Internet Freedom Fellows Find an Ally in UNESCO
June 28, 2012 BY Aaron Sherinian
Two years ago, Secretary of State Hilary Clinton said, “We need to work toward a world in which access to networks and information brings people closer together and expands the definition of the global community.” This week, I saw her call to action happening live, as a group of six Internet Freedom Fellows, brought together by the U.S. Department of State and the U.S. Mission in Geneva, sat down to break bread with UNESCO and the United Nations Foundation here in our Washington D.C. offices.
These Fellows—all of whom are working to promote and defend freedom of expression, freedom of peaceful assembly, and other human rights on the Internet—hailed from Syria, India, Burkina Faso, Cambodia, Venezuela and Azerbaijan. Despite their diverse backgrounds, I watched them find common ground and a common ally in their meeting with UNESCO. As George Papagiannis, UNESCO's head of U.S. external relations, welcomed the group, he noted that UNESCO is devoted to “promoting freedom of expression, freedom of the press, access to information and a free and open internet.” As George spoke, I was reminded of the exceptional work UNESCO does around the world to promote press freedom and independence as fundamental components of democracy.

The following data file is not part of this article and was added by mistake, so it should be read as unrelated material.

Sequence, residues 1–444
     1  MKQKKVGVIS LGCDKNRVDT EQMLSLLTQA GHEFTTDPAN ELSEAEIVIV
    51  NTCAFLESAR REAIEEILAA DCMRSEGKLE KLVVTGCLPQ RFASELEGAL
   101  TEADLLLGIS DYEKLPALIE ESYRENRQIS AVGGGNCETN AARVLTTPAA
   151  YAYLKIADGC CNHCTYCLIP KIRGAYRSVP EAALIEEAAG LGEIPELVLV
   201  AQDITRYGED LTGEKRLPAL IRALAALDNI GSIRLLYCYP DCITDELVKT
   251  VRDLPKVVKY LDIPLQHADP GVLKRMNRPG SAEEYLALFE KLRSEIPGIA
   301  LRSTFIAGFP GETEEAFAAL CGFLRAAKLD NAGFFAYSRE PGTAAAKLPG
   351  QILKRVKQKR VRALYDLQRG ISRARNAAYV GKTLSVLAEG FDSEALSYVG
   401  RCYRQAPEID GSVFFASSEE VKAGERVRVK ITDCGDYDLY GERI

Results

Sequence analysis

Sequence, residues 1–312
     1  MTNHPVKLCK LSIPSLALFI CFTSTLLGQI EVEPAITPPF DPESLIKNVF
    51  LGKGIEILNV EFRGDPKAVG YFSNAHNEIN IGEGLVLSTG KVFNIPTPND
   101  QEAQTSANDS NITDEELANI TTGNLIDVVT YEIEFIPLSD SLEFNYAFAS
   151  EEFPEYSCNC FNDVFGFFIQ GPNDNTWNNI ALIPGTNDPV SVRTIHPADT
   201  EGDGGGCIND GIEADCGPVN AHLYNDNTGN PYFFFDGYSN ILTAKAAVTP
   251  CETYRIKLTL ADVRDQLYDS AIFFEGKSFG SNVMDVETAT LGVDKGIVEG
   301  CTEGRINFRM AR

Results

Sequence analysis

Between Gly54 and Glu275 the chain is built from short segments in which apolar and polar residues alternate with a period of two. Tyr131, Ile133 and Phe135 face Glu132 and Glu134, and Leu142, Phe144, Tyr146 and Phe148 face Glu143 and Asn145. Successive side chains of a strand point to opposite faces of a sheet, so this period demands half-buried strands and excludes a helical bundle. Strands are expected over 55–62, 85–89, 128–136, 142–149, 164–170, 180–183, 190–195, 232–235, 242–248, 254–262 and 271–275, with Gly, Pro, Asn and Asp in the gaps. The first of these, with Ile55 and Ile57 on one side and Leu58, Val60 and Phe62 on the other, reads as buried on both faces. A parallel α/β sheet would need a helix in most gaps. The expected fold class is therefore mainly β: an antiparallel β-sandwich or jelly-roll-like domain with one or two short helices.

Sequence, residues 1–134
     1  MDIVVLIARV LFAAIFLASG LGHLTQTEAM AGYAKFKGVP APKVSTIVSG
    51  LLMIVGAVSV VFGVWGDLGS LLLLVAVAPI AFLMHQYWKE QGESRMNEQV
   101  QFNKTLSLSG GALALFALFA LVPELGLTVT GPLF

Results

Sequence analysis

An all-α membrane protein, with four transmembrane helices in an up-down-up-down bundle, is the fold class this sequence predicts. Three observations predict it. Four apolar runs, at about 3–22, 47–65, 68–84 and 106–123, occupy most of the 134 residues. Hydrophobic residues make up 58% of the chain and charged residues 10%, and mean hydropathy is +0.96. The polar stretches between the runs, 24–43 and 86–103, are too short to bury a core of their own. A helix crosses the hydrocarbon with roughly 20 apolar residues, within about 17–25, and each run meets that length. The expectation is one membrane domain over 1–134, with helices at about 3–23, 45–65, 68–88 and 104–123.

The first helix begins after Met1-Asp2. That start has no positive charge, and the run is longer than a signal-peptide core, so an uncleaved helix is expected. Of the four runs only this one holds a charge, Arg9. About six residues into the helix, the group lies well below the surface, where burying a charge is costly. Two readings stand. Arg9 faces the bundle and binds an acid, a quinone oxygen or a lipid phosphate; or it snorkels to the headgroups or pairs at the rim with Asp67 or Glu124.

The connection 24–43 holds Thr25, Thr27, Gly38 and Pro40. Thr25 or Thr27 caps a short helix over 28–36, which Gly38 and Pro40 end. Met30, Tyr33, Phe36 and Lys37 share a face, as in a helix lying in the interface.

The Internet Freedom Fellows often face an array of challenges, barriers and, in many cases threats in their work to advance freedoms of speech and expression. They need friends throughout the world to support them. They found those friends here in Washington, and we’re honored that the United Nations Foundation could convene these extraordinary voices and open new doors for collaboration. The Fellows embody an ideal that Americans cherish as one of our most intrinsic rights—something we enshrine in our First Amendment—and a value that UNESCO likewise holds as a basic human right.
Be sure to track the Internet Freedom Fellows online!
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